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31 July 2017

Big deal: Aarhus University foregoes patents

The institution has partnered a range of Danish corporates to conduct basic research and publish the results for anyone to use.

Author: Thierry Heles, editor

Aarhus University announced today it has launched its Open Science platform, which will publish fundamental research conducted in partnership with corporations without any patents attached to it.

Supported by a DKr2.5m ($390,000) investment from business-focused philanthropic organisation Danish Industry Foundation, the project aims to tackle obstacles that currently make it difficult and expensive for companies to access basic academic research that could be of high value to them.

The university is set to launch individual platforms for specific fields of research – the first Open Science directory, Spoman, will focus on smart polymer materials and nano-composites. Spoman features twenty companies, such as toymaker Lego, and researchers at Aarhus’ chemistry, physics and engineering departments as well as faculty from other Danish universities.

The approach is certainly novel, but more than that could prove transformational.

Niels Christian Nielsen, dean of science and technology at Aarhus University, said: "Public and private institutions and foundations protect their research investments by focusing on safe bets – either by favouring applied research with a high probability of commercial success, or by ensuring that our research centres keep to clearly defined benchmarks that control the flow of funds and time – but do not allow room to explore unexpected opportunities that arise during the process.

"The paradox seems to be that we do not like investing in unorthodox or complex ideas because of the high risk that they will not eventuate. At the same time, however, society cannot afford to turn our universities into factories that are occupied with small and self-evident ideas.”

The initiative is particularly relevant in Denmark, where researchers and grant givers have increasingly moved towards projects considered to be safe bets, rather than supporting proposals that may not present any immediate benefits but could bring enormous value in the long-term.

It is important to note here that, while the research published on the platform cannot be patented, products developed with that knowledge can be. The aim, after all, is to boost innovation in the country.

Open Science itself is also not protected as an idea – other universities and corporates may develop their own approach and the platform’s partners hope it will be copied elsewhere. Indeed, Aarhus hopes the idea will take hold much like crowdfunding or open source have.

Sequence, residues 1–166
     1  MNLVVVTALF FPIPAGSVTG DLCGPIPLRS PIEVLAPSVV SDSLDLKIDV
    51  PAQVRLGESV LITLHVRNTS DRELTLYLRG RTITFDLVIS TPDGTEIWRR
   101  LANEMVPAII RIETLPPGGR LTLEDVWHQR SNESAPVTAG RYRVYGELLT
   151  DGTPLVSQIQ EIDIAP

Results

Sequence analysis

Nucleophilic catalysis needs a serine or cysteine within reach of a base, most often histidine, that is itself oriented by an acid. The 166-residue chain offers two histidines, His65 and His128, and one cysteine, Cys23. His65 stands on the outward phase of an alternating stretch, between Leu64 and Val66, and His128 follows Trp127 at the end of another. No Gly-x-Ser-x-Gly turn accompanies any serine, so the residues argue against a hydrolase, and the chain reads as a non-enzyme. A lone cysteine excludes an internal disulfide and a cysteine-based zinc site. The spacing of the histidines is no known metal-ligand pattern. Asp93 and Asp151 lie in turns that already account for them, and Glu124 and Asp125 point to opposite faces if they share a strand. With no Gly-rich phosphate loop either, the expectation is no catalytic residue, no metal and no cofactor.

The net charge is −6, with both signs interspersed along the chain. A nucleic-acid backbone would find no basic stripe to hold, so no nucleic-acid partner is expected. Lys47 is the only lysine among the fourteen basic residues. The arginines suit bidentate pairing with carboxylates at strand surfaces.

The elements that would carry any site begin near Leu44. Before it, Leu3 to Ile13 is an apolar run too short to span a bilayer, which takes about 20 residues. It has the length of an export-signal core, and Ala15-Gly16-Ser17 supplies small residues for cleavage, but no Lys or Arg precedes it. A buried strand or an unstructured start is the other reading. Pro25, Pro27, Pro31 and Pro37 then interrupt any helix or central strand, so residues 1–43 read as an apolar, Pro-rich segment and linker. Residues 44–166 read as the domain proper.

With Danish industry so far proving keen on the platform, as it means they can undertake research without having to spend resources on protecting the resulting intellectual property, it seems likely that the concept could find friends in other countries, too.

Kim Daasbjerg, professor at Aarhus’ Interdisciplinary Nanoscience Center, who instigated Open Science and will be responsible for the platform, said: "Open Science will be a playground where companies and universities can try out their ideas without taking major risks.

“They can venture out of their normal surroundings and try new things relatively risk-free. This is particularly interesting for SMEs, only a few of which are experienced in research-based development.

“And because participants in the Open Science platform have access to the latest university research, they can acquire a basis for creating unique products with increased market potential.”

Interestingly, Open Science is also a conscious rebellion against scientific journals, which have high subscription fees attached that need to be paid even by universities who provide the content. Journals can also assume copyright over any published article, meaning researchers cannot freely share their findings elsewhere.

Mads Lebech, chief executive of Danish Industry Foundation, described Open Science thus: "This contributes to the innovative power of the companies, and can also help to boost interaction between researchers, students and the companies involved.

“By creating a platform that structures knowledge sharing in a way that deals with a number of practical and legal challenges, it will also be possible for smaller companies to be involved – companies that have historically encountered financial or cultural barriers regarding collaboration and the sharing of data and knowledge.”

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